Tuesday, August 28, 2007

I Don't Stand a Roast of a Chance

I've been so focused on tomatoes lately that I've all but forgotten about all the other vegetables languishing in the refrigerator. After all, when the crisper drawer is closed, I can't really see all the work I have to do, and I can lull myself into a state of blithe neglect.

But when I opened that drawer yesterday, I realized I still had loads of red peppers on my hands, waiting to be roasted.

There are a number of ways to preserve peppers, of course. Last year I tried drying strips of red pepper, and that worked very well for flavoring soups. I could also chop the peppers and freeze the bits in clumps, ready for sauteing. I just have a fondness for roasted red peppers, and though they require more work than the other options, they are definitely worth it in the long run.

So what could I do but decide that tonight was pepper night?


Before I started dinner, I halved the peppers and scraped out the seeds, placing them on a greased baking sheet cut side down. I gave them 20 to 30 minutes at 400 F, though it would have taken less time had I reset the rack and used the broiler.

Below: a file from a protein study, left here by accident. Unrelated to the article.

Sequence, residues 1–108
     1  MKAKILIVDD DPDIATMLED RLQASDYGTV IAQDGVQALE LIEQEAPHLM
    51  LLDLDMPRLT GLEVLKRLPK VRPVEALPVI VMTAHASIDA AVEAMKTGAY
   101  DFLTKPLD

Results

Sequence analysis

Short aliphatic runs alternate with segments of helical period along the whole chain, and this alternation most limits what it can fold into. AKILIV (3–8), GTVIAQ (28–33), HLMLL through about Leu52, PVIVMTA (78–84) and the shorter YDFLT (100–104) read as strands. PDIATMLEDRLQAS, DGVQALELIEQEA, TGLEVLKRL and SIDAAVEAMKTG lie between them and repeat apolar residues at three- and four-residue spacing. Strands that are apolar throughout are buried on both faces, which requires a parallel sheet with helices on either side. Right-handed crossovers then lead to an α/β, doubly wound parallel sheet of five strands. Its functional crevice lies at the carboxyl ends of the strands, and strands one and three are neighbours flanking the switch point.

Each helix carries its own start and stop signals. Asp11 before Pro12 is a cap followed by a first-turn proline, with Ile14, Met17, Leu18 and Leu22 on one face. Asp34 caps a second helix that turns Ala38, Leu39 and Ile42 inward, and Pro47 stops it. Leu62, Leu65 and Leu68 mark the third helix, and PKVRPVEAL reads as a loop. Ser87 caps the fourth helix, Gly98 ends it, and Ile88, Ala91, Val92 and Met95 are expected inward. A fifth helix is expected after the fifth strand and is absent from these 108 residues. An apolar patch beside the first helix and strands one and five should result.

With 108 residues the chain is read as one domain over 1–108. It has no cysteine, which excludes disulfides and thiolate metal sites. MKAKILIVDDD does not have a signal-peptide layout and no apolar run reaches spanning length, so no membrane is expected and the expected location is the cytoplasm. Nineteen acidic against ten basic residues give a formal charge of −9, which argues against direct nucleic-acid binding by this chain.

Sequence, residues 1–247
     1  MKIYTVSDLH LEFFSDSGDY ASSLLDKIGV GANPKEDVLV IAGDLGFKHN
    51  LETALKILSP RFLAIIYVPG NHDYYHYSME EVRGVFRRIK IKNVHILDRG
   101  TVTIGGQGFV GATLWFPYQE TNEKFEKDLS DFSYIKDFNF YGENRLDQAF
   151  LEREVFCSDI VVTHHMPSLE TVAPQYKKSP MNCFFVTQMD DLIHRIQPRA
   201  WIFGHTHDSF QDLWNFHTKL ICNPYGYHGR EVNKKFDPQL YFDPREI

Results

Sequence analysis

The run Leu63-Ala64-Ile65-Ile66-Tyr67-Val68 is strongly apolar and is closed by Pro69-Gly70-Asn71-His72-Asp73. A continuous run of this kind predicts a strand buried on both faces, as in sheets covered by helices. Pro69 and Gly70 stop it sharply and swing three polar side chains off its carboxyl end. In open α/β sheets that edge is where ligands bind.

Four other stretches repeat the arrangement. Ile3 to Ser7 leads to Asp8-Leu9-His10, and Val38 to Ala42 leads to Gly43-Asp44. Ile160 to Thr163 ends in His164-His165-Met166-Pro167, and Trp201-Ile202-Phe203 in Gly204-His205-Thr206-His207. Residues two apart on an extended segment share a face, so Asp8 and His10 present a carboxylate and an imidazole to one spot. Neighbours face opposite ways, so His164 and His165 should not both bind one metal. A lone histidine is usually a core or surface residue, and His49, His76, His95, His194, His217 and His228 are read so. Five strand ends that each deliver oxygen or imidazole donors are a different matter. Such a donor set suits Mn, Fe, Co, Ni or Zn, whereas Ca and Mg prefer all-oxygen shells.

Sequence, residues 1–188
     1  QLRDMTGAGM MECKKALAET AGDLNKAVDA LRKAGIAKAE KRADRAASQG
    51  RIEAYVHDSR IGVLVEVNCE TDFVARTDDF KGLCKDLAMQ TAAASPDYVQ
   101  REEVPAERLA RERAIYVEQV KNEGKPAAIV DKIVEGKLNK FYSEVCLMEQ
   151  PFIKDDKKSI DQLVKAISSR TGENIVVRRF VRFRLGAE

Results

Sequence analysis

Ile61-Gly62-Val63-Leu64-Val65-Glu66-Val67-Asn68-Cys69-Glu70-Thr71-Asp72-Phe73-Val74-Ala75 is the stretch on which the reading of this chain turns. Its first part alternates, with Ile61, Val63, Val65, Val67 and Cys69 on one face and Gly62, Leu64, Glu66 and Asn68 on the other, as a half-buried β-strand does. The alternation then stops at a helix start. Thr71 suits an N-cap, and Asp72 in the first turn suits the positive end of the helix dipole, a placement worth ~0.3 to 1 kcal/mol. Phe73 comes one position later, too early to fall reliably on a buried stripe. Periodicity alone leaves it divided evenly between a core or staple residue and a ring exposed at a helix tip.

Once they came out of the oven, I pried them off the pan with tongs and tossed them into a plastic bag to "sweat," loosening the skins.


Had I broiled the peppers as I ought, the skins would have blistered and blackened, and they would have been much easier to peel. The results still weren't bad, though, and even with more time and work needed, I still managed to get through all the peppers without screaming with frustration at the little bits of skin sticking to the vegetables.


When I've roasted peppers before, I've usually packed them in oil with garlic and some spices. I read some time ago, though, that it was possible to freeze roasted peppers by layering them with wax paper in a sealed container. So that's what I did this evening, filling a large plastic container and squeezing it into one of the few remaining empty spaces in the icebox.

Along with the peppers, I managed to roast the Fairy Tale eggplant also tucked in the crisper, and I made a sumptuously spicy makhani sauce with the crushed Sun Gold tomatoes sitting n the fridge. Both items combined with whole wheat pita for a satisfying dinner, and I hope to feature the sauce in something else later this week so you can get a look at it. And between these two little projects, I managed to clear more space in the refrigerator, using up more produce before I lost any more.

But I doubt I'll stand a chance of getting any more preserving done until the weekend!

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